Walter Becker, guitarist, bassist and co-founder of band Steely Dan, died today. Co-founder, Donald Fagen promised,
“I intend to keep the music we created together alive as long as I can with the Steely Dan band.“
Becker’s official site announced the death; no cause of death or other details were provided. Fagen wrote in a tribute to Becker,
“Walter Becker was my friend, my writing partner and my bandmate since we met as students at Bard College in 1967. He was smart as a whip, an excellent guitarist and a great songwriter. He was cynical about human nature, including his own, and hysterically funny.“
Becker and Fagen first became collaborators when they were both students and after working as songwriters, the duo moved to California in the early 70s to form Steely Dan – named after a sex toy in William S. Burroughs‘ Naked Lunch – alongside guitarists Jeff “Skunk” Baxter and Denny Dias, drummer Jim Hodder and singer David Palmer.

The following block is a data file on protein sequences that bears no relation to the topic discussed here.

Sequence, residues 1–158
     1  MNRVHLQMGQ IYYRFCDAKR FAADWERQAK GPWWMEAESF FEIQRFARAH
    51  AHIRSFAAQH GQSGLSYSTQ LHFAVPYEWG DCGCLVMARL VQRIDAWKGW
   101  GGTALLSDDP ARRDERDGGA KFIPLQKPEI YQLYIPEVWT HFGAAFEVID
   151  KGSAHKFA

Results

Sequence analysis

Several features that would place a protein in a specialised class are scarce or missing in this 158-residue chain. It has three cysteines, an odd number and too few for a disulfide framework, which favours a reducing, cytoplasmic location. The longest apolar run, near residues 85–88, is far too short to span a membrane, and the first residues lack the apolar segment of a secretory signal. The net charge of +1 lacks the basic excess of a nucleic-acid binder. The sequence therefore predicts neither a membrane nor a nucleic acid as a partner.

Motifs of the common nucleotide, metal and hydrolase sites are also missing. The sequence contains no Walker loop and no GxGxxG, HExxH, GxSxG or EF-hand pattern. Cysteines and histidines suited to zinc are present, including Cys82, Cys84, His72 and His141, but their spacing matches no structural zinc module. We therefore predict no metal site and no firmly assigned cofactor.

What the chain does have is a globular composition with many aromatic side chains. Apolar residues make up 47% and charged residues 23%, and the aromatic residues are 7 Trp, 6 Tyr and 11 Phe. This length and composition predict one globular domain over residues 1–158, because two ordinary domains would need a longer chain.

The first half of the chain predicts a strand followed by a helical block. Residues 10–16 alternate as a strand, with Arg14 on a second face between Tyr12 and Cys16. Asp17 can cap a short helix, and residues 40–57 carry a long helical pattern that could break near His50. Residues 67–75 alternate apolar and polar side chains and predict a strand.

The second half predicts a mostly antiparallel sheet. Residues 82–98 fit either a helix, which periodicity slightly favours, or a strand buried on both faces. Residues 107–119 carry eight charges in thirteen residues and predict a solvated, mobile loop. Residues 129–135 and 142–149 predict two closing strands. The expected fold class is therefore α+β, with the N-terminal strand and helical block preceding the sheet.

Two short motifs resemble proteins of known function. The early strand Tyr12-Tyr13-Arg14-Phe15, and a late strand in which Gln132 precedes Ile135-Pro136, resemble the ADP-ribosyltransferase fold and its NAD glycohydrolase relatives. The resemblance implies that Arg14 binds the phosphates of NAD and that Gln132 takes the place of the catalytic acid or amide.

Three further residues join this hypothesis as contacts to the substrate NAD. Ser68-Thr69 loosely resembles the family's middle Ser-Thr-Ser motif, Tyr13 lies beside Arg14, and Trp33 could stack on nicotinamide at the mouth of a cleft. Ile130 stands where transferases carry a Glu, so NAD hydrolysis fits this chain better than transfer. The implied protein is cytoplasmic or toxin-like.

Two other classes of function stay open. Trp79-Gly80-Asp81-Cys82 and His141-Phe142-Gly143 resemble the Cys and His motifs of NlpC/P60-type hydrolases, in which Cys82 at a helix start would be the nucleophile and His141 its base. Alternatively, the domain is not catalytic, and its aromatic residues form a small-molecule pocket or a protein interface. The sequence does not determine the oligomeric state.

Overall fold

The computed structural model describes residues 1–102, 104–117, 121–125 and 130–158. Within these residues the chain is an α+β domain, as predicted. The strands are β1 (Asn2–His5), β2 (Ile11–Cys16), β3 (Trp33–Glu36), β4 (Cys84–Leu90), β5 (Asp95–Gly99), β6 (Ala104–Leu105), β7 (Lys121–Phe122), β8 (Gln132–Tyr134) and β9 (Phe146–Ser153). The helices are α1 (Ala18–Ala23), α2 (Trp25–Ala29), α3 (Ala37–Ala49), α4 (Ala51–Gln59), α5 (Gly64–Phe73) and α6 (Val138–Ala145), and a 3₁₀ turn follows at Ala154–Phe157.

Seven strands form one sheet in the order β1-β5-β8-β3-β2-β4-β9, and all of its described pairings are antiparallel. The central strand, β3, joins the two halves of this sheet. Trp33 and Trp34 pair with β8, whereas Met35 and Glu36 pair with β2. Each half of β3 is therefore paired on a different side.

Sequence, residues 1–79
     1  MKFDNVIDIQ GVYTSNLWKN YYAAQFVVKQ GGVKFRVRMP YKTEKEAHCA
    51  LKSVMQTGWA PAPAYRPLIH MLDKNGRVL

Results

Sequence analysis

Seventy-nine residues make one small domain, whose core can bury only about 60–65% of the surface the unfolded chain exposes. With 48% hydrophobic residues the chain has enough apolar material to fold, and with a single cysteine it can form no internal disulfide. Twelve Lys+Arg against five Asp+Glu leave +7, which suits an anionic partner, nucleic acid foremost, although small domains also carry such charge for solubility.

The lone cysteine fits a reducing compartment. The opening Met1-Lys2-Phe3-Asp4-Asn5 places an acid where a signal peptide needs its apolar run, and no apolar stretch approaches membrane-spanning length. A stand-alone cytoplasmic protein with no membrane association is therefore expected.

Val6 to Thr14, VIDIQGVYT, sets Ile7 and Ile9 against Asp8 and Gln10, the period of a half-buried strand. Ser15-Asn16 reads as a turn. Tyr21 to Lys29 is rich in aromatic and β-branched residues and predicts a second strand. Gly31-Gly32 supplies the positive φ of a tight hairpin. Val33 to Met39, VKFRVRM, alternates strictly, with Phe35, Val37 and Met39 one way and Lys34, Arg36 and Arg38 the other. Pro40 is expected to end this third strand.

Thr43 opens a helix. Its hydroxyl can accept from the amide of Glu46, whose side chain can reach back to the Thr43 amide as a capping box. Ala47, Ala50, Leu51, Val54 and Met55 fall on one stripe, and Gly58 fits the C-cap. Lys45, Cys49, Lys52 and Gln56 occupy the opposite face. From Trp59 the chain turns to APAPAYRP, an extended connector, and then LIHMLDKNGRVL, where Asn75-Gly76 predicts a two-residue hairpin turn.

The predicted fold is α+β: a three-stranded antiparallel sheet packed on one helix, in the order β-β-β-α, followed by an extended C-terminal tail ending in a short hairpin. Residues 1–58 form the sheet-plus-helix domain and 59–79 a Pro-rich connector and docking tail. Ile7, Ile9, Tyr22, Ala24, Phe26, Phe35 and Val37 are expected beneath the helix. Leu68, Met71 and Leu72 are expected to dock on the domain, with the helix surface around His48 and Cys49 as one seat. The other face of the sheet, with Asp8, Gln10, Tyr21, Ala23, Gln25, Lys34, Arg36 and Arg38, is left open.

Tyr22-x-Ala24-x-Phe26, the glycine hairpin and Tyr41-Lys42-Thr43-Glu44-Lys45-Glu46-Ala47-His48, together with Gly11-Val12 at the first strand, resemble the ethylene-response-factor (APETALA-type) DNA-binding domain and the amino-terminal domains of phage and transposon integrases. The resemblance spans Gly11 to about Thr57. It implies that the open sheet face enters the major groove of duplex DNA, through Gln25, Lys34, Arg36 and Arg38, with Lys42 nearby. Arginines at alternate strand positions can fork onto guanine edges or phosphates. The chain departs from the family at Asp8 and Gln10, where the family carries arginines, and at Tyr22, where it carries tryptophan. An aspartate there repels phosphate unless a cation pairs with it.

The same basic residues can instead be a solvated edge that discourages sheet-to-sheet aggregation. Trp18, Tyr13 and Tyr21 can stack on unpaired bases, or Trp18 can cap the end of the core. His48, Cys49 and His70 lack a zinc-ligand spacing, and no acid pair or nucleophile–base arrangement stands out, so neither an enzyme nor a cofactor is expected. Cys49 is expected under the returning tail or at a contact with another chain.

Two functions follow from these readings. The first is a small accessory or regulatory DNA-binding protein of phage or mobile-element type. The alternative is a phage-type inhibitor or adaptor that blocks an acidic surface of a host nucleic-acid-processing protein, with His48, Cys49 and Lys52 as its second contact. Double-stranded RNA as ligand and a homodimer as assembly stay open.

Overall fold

Following the release of their debut 1972 LP Can’t Buy a Thrill, which produced the hits Reelin’ in the Years, Dirty Work and Do It Again. For 1975’s Katy Lied, the now-duo – with Becker also picking up guitar duties – surrounded themselves with a team of expert studio musicians.
When asked by Time Out in 2008 about Deacon Blues sneaking onto classic rock radio, Becker said,
“That’s sort of what we wanted to do, conquer from the margins, sort of find our place in the middle based on the fact that we were creatures of the margin and of alienation, and I think that a lot of kids our age were very alienated. To this day when I read some text that somebody writes about alienation, I always think to myself, ‘Gee, they make it sound like it’s a bad thing!’ So yeah, I think that’s great. Naturally that’s very satisfying to us to hear that something has slipped through the cracks.“
In 2001, Steely Dan was inducted into the Rock and Roll Hall of Fame. Moby said in his induction speech for the duo,
“The musical tradition that Steely Dan represent is certainly one that’s more cerebral and intellectual and beautiful as well. Although they always seemed to approach popular culture with a certain sense of irony and distaste, they also clearly have a love for beauty and beautiful music.“
Becker and Fagen used their Rock Hall acceptance speech to take questions from the crowd, below.
I’m a big Steely Dan fan and one of my favorite albums and songs in the latter years is Everything Must Go. Sadly, it must.
Walter Becker was 67.
(Photo, YouTube screen grab; via Rolling Stone)